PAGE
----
You are far from alone. Many recent first-time buyers will be panicking about their ability to pay off a new mortgage amid the biggest economic crisis in our lifetimes.
The good news is that you can definitely benefit from a three-month mortgage payment holiday. It’s been agreed ‘voluntarily’ by the banks, which means they will do it or face a public shaming. But you have to ask.
The mortgage holiday has been agreed by banks to avoid a public shaming – but you have to ask
That’s not easy when every institution out there is de-manning its call centres and cutting its phone lines. But they should contact you directly about your right to a mortgage payment holiday or have proper information on their websites about how to get your payments suspended for three months.
Whatever you do, DON’T cancel your direct debit – that will just lead to problems.
You’ll need to fill in a form and have it all checked out. The biggest problem is that it could take up to 14 days to be processed – which might not be soon enough for your next payment.
If that payment is late, some banks (including Lloyds/Halifax/Bank of Scotland) have already said they will waive any late payment fees. Other banks SHOULD do so if you tell them the crisis immediately put you into difficulties. Bank websites should also allow you to register and explain any late payment.
And don’t worry about your credit rating. The government has decreed that any debt forbearance – including a mortgage payment holiday – related to the crisis must not affect credit scores. That means any debt ‘breathing space’ you request will not lead to a black mark on your credit file.
Any debt ‘breathing space’ you ask for will not lead to a black mark on your credit file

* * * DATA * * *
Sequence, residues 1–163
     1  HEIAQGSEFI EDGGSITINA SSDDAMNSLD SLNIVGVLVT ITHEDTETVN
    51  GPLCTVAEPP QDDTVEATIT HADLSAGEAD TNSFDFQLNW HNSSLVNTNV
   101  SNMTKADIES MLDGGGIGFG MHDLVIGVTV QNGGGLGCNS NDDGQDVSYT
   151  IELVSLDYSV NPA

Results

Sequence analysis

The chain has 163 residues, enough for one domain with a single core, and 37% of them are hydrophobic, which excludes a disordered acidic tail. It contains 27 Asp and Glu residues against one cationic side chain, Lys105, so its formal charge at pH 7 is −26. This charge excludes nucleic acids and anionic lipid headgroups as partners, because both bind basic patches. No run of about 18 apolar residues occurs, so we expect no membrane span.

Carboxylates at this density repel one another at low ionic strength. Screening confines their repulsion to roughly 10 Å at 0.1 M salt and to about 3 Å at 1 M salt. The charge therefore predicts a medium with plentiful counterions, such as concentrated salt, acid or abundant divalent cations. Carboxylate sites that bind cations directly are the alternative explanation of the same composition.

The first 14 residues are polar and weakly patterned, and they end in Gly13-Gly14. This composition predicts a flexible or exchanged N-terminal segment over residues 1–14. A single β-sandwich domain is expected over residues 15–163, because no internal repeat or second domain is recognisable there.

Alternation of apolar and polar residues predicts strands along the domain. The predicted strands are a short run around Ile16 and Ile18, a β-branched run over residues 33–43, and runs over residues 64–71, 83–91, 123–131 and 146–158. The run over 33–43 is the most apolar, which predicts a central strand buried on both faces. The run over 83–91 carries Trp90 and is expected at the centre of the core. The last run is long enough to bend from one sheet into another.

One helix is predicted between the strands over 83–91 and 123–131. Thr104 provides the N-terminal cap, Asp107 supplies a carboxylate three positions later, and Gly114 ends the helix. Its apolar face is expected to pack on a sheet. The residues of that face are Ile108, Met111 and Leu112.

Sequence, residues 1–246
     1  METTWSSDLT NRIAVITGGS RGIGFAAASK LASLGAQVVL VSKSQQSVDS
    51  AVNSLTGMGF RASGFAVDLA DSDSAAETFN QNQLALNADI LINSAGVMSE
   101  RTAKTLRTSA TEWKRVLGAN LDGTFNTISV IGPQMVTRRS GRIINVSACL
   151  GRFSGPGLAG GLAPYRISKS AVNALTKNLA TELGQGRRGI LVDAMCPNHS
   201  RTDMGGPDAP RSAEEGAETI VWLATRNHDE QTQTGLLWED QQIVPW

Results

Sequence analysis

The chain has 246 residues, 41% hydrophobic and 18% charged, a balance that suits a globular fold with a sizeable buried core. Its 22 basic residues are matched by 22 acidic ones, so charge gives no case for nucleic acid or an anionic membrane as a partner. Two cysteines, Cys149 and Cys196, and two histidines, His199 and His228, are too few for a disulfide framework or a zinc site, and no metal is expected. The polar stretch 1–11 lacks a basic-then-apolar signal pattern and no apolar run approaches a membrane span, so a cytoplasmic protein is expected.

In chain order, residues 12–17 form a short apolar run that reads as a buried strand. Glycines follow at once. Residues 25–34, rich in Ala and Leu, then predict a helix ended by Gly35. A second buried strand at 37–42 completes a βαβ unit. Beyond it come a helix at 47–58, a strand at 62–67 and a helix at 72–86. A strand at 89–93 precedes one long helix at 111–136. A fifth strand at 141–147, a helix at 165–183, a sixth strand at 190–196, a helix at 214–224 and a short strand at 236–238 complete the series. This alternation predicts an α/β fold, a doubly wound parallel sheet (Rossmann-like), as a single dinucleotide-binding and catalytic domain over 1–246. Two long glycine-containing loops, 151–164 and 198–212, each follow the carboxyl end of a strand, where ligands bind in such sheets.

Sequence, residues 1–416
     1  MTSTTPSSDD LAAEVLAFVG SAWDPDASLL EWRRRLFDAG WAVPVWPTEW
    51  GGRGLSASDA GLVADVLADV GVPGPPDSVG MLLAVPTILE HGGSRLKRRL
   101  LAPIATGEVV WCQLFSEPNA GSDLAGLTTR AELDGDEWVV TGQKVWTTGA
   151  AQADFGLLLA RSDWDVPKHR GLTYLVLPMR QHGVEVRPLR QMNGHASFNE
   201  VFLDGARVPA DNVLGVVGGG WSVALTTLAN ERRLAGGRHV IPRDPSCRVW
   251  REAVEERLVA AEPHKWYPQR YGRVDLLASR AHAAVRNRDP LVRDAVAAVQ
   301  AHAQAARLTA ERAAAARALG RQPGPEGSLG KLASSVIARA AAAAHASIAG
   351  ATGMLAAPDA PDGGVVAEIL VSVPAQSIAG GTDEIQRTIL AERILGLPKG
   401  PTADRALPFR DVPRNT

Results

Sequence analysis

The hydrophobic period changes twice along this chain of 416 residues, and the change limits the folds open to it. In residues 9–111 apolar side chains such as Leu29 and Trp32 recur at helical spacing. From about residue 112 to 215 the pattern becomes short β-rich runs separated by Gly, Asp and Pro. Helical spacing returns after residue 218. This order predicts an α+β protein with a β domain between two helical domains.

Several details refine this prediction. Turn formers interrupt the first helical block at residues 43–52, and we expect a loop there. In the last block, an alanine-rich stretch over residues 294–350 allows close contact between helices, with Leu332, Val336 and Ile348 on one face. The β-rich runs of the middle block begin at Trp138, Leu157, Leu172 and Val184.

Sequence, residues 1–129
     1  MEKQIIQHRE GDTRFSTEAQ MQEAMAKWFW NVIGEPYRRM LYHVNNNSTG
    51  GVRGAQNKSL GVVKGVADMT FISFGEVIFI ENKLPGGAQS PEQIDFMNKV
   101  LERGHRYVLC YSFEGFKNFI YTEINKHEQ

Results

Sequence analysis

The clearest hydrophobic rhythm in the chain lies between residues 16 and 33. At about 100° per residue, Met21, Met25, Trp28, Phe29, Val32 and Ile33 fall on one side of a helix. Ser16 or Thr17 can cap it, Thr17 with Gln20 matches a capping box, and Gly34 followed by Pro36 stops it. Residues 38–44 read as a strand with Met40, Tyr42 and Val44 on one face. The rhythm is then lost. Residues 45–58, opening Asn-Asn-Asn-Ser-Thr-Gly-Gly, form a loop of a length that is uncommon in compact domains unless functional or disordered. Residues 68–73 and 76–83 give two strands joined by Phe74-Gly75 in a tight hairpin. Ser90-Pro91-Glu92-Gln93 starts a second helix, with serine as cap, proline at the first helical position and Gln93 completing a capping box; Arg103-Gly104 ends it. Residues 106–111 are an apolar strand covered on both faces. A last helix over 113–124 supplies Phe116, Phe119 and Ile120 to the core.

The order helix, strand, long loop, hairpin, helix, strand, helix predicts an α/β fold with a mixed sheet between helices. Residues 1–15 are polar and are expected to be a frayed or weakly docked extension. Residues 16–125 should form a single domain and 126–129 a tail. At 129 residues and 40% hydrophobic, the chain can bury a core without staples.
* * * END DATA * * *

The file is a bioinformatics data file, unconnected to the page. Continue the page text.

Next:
As for being worse off…as far as the payment holiday is concerned, you won’t be reducing your balance over the next three months, so you will end up paying more interest.
That means your payments will have to be recalculated when you re-start, and go up slightly, to pay off the same balance over a shorter term. But if you’re with Barclays, HSBC or FirstDirect, you can ask for your payment to stay the same and your term to be extended. Other lenders might agree to that – lenders generally must show flexibility towards anyone in ‘financial difficulties’.
Lenders must show flexibility towards anyone in ‘financial difficulties’
The same applies to your mortgage payments in future. If the crisis means your original term is less affordable than it was when you started out, ask your lender if it’s possible to lengthen the term and reduce the payment a little.
Remember however that you would end up paying more interest, and it would take longer to pay your mortgage off. That may not be a biggie for recent first-time buyers who are likely to be on massive mortgage terms to make the whole shebang possible anyway.
I’m guessing you’re not on a tracker mortgage? Last year, not many people believed interest rates would be coming down again and the smart advice was to go for a fixed rate. But as the Bank of England has cut base rates from 0.75% to 0.1%, anyone on a tracker deal would be entitled to a cut of 0.65% worth roughly £40 a month per £100,000 of mortgage outstanding. If you’re on a fixed rate deal – no such luck!
When it comes to the value of your flat, it’s very hard to make a call on values right now. How well prices hold up will depend firstly on where you live and how buoyant the local market was before the virus struck, and secondly on how long the emergency lasts.
If things do get back to normal in three to six months, the housing market is generally expected to bounce back quickly. If the crisis drags on, people will tend to stay out of the market and values will probably fall.
This might be a tiny silver lining for young people trying to buy property but obviously concerning for those already ‘on the ladder’.
The reality, however, is that the next rung of the ladder was probably some way off before this crisis happened – and unless you were hoping to move next year or the year after, it’s reasonable to hope that your flat will regain last year’s value, if not immediately than within a few years. You may not feel much wealthier, but hopefully you won’t feel poorer either.
Good luck Katie!